How to Troubleshoot 5-Speed Transmission Problemsby Alibaster Smith
Though not as common as they used to be, manufacturers are still making 5-speed manual transmission vehicles. The traditional perceived benefit with a 5-speed transmission is the amount of control you have over the vehicle's engine and performance. Since you can manually select the gears, you can control when and where you get the power you need out of your vehicle. However, this can be abused if you are not a skilled driver. Over time, abusing the transmission by shifting too hard or by grinding gears (by not fully disengaging the clutch prior to shifting) can damage the transmission. Before taking it to a shop, troubleshoot your 5-speed transmission using these tips.
Check for knocking noises at low speeds. This can be caused by a worn constant velocity (CV) joint. It may also be caused by a worn side gear shaft counterbore in the differential case.
Check for a clunking sound on acceleration or deceleration. This is caused by a loose engine or transmission mount, worn differential pinion in the casing, worn side gear shaft counterbore in the differential case, or a worn or damaged CV joint.
Check for vibration in the steering wheel at highway speeds. This can be the direct cause of a rough or worn wheel bearing, but not necessarily the transmission. However, it can also be the result of a damaged drive axle or a worn CV joint.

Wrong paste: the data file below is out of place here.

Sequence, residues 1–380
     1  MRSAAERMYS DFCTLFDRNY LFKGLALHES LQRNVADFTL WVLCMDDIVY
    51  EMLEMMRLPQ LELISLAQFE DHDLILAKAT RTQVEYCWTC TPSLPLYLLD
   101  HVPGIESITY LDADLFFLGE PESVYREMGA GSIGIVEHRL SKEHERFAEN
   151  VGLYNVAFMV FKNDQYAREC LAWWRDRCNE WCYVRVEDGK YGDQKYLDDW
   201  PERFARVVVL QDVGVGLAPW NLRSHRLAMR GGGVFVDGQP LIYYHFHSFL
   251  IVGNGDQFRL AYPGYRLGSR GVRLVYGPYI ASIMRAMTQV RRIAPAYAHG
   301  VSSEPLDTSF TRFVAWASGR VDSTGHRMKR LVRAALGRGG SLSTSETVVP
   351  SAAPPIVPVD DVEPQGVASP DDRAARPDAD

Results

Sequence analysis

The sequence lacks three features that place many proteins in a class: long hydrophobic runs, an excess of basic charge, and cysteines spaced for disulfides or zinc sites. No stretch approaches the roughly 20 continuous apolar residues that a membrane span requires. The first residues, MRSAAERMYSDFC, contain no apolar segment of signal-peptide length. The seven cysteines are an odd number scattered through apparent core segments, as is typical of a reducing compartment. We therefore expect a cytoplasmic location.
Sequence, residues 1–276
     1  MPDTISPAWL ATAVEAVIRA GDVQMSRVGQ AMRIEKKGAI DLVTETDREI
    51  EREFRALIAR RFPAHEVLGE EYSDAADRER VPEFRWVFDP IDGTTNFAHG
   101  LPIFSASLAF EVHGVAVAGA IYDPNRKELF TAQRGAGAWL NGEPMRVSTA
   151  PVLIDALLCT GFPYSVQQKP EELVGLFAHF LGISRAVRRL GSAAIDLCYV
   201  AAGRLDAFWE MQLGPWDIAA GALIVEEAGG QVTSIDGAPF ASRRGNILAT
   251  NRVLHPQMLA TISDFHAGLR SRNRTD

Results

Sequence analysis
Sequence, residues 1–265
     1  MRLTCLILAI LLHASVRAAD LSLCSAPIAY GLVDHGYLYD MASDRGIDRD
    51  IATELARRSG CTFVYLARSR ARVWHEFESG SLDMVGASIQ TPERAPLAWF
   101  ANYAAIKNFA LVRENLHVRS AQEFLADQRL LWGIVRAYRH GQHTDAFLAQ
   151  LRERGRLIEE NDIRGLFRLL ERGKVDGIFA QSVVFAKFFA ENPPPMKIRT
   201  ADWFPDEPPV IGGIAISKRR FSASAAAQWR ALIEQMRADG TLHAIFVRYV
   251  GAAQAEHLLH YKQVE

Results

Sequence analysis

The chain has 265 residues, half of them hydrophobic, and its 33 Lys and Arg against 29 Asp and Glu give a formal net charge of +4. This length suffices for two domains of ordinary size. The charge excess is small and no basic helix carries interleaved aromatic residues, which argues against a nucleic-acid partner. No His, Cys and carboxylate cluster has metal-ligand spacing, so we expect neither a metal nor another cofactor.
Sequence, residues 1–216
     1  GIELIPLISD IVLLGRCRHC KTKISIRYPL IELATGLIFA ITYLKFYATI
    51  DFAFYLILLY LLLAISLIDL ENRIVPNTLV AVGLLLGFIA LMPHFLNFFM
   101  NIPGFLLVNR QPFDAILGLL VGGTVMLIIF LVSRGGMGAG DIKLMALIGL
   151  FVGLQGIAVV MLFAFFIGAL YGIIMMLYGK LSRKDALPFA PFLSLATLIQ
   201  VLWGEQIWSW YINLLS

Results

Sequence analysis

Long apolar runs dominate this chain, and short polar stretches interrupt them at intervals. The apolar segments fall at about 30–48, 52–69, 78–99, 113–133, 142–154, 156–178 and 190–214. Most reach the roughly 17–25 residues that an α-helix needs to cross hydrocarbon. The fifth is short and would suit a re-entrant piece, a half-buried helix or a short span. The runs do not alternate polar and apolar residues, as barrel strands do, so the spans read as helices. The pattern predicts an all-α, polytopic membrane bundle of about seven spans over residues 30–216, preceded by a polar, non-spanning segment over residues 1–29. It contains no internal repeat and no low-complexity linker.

Listen for noise coming from the transmission while the vehicle is in neutral with the engine running. This is caused by a damaged input gear bearing or a damaged clutch release bearing.
Listen for noise coming from the transmission while engaged in one particular gear. This can be caused by damaged or worn constant mesh gears, damaged or worn synchronizers, a bent reverse fork, a damaged fourth or output gear, or a worn or damaged reverse idler gear or idler bushing.
- check Specific problems for your vehicle may differ according to whether your vehicle is equipped with a limited slip differential, positraction-type device or all-wheel drive; for specific information, consult the particular vehicle's manual (see Resources).